Before the inspection, the tools needed for inspection should be checked for availability, proper working condition, and accuracy. This includes tools and equipment that are needed for personnel safety. Safety signs should be provided where needed before work is started. The following tools are needed to inspect fired heaters and stacks:
a. Portable lights, including a flashlight.
b. Thin-bladed knife or scraper.
c. Broad chisel or scraper.
d. Pointed scraper.
e. Inspector’s hammer.
f. Inside calipers.
g. Outside calipers.
h. Direct-reading calipers or special shapes.
i. Mechanical tube caliper or micrometer for measuring the inside diameter of tubes.
k. Steel rule.
l. Special D calipers.
m. Pit depth cage.
n. Paint or crayon.
p. Magnifying glass.
q. Wire brush.
r. Plumb bob and line.
s. At least one type of special thickness measurement equipment (see next list).
t. Small mirror.
v. 25-foot tape measure
The following tools should be readily available in case they are needed:
a. Surveyor’s level.
b. Carpenter's or plumber’s level.
c. Magnetic-particle inspection equipment.
d. Liquid-penetrant inspection materials.
e. Radiographic inspection equipment.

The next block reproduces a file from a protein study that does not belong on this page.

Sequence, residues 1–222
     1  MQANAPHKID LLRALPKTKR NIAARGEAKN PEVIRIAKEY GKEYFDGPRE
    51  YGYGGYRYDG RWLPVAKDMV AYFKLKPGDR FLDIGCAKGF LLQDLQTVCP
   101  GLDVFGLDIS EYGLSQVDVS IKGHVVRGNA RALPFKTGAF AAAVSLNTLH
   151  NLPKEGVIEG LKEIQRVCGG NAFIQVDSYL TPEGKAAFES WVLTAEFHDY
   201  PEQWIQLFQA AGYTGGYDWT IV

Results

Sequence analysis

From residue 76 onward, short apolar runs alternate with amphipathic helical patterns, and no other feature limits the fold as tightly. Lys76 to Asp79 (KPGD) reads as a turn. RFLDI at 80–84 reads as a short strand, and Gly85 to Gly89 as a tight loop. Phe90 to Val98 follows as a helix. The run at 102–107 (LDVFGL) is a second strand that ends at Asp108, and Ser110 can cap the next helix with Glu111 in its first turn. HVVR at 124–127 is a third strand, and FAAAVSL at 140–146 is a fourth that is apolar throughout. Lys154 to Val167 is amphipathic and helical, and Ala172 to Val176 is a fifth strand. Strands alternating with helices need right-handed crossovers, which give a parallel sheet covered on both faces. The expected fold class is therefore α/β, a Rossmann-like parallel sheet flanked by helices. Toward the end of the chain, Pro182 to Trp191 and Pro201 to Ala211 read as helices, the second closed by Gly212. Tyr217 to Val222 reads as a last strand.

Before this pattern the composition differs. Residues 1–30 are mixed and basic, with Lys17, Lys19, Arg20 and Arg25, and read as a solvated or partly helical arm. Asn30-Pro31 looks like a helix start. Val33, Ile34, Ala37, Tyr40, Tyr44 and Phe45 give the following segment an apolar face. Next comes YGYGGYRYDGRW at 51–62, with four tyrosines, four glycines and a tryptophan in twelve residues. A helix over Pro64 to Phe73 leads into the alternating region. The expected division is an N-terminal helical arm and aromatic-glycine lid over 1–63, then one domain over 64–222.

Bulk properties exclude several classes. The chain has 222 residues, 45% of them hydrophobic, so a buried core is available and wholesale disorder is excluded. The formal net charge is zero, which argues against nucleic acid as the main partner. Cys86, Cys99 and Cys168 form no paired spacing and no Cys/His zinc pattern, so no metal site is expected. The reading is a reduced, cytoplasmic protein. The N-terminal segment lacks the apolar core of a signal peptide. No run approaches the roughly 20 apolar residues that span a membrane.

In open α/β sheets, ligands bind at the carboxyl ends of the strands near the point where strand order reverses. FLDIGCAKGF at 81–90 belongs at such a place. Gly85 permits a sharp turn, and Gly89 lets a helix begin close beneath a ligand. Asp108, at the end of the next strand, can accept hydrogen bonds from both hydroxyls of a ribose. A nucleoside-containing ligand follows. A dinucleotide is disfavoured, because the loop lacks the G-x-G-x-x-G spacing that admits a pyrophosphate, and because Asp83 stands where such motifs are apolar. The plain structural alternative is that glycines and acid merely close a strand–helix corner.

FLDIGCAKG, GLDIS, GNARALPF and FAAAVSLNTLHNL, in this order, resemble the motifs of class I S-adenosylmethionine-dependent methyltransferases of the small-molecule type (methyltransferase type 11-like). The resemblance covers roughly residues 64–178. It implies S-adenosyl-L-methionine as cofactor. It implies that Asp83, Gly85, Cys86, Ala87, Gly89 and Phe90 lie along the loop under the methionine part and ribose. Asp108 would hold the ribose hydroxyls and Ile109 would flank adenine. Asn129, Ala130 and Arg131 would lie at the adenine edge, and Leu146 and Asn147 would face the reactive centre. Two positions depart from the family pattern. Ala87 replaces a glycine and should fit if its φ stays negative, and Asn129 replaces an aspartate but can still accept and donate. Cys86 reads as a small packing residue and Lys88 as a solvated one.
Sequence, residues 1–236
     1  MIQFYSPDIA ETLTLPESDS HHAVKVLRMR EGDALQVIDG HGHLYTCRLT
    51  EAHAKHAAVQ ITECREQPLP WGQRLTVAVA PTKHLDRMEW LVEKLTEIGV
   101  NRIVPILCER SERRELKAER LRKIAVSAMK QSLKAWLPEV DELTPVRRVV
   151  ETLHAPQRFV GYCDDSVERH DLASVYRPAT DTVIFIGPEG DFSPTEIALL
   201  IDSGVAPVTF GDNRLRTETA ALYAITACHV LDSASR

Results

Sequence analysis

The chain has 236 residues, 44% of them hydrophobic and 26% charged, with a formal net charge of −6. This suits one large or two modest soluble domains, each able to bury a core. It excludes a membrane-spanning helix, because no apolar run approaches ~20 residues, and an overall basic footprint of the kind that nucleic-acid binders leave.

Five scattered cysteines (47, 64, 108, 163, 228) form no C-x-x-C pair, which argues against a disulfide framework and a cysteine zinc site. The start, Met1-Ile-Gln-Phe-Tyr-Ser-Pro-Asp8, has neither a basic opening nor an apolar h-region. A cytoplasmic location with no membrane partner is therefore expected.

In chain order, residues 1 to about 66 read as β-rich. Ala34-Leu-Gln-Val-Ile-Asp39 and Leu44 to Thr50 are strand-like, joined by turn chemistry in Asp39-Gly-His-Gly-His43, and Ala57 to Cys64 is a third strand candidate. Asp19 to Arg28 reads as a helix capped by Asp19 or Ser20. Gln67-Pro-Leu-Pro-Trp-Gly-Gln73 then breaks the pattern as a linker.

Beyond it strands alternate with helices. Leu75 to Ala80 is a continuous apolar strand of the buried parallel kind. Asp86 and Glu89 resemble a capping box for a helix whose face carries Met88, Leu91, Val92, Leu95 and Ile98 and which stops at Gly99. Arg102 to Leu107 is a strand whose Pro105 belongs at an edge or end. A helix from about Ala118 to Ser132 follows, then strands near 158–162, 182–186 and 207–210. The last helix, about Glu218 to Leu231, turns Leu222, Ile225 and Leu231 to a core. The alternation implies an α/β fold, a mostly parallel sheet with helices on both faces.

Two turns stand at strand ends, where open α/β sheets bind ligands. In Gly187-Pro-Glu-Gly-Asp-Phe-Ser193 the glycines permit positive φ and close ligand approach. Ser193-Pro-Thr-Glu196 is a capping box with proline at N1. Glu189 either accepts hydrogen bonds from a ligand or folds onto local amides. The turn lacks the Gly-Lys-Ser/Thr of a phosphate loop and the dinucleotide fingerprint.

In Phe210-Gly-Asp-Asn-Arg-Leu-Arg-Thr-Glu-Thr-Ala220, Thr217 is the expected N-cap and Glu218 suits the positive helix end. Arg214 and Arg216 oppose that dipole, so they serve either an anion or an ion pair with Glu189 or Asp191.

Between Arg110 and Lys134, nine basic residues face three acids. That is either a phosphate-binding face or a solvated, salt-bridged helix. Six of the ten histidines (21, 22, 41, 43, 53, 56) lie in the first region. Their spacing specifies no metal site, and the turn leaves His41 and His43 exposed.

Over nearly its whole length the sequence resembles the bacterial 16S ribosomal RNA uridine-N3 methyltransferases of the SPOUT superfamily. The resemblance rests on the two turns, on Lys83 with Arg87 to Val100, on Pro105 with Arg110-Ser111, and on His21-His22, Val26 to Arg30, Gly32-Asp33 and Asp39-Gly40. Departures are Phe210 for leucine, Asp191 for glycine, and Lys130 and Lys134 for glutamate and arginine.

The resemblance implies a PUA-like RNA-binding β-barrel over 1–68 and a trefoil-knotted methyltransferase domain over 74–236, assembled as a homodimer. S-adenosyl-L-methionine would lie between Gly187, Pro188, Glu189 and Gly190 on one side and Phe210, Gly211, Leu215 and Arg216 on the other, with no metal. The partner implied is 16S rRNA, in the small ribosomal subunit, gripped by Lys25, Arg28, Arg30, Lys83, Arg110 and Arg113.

f. Ultrasonic inspection equipment.
g. Megger ground tester.
h. Grit blasting equipment.
i. Micrometer (0 in. – 1 in.).
j. Electronic strain gauge caliper.
Note: When selecting products which will be used to mark or applied to stainless steel tubes, these products should not contain chlorides to prevent stress corrosion cracking. Additionally, any equipment or paint which can/will contact the stainless steel tube surfaces should not be made or coated with aluminum, zinc, lead, and cadmium to prevent liquid metal embrittlement concerns.
Other related equipment that may be provided for inspection includes planking, scaffold material, a bosun’s chair, and portable ladders. If external scaffolding is required, it may be possible to erect it before the unit is shut down.
Before the inspection is started, all persons working around a fired heater or boiler, flue duct, or stack should be informed that people will be working on the inside. A safety guard (“hole watch”) should be stationed at the inspection door of the equipment being inspected. This person can serve as a guard and can also record data from the inspection findings.
Personnel working inside this equipment should be informed when any work is going to be done on the outside so that any unexpected noise will not cause needless alarm. Vibration of the tubes and the setting should be minimized while internal inspection work is being performed to prevent injuries due to the dislodging of loose refractory.